int squareNumber(int n)
{
return n * n;
}

This function returns the square of a number passed into it. In your main, you could "catch" the return value as so:

int main()
{
int theValue = squareNumber(5);
cout << theValue; // Prints 25
}

A function that returns void simply doesn't give back a value.

5) This is a bug that can occur if you don't return a value in all possible places in your function.

Take the previous example:

int squareNumber(int n)
{
if(n > 0)
{
return n * n;
}
}

This function now returns the square of a number if it is greater than 0.

// in main
int num = squareNumber(-3);
cout << num; // Will print some random number

Since a negative value was passed into the function, it technically never returns a value. The resulting number is undefined. It should be worth noting that normally compilers will generate a warning for mistakes like that.

I hope this was helpful!

- Eddie

---------- FOLLOW-UP ----------

QUESTION: Thanks, the answers are really clear. I do have a follow-up, however.

Can you show me some other ways to extend the return of a value? I'm trying
to compile a program that needs more than one line to be complete, can you
show me how to return a value that contain a condition or more than one
C++ statements like your example here:
int squareNumber(int n) {
if(n > 0)
{   return n * n;  }
}

Again, thanks so much.

ANSWER: Hello again Angela!

I'm not entirely sure what you mean by extend the return of a value. Do you mean returning different variable types from functions, returning values in conditional statements in functions, etc?

Can you please clarify?

Thanks!

- Eddie

---------- FOLLOW-UP ----------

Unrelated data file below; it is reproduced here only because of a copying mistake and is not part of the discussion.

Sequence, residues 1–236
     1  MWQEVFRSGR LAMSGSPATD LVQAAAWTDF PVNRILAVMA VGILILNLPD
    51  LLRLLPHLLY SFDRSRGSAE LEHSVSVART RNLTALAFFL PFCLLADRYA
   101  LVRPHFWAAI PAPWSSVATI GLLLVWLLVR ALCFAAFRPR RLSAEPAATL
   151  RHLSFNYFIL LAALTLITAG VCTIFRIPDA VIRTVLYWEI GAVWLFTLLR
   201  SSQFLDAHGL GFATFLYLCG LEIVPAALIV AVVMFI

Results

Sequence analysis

QUESTION: Well, it doesn't have to be specific type of C++ statements like control
statements, I just need to know how the format would fit, like in your example,
you used a set of braces, are there other possibilities?

Angela

Answer
Hello again Angela!

If I understand your question correctly, you want to be shown how to return values from functions overall.

This depends on what you want the function to do.

int squareNumber(int n)
{
if(n > 0)
{   
return n * n;  
}

char ReturnALetter()
{
char c;
cout << "Enter a letter";
cin >> c;
return c;
}

char ReturnUpperCase()
{
char returnValue = ReturnALetter(); // get the value from the function
if(islower(returnValue))
{
return toupper(returnValue);
}
else
{
// the letter is uppercase already, simply return it
return returnValue;
}

Does this help?

- Eddie

C++

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Eddie

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I can answer questions about the C++ language, object oriented design and architecture. I am knowledgable in a lot of the math that goes into programming, and am certified by ExpertRating.com. I also know a good deal about graphics via OpenGL, and GUIs.

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I have completed numerous games and demos created with the C++ programming language. Currently employed as a software engineer in the modeling and simulation field. I have about 7 years experience.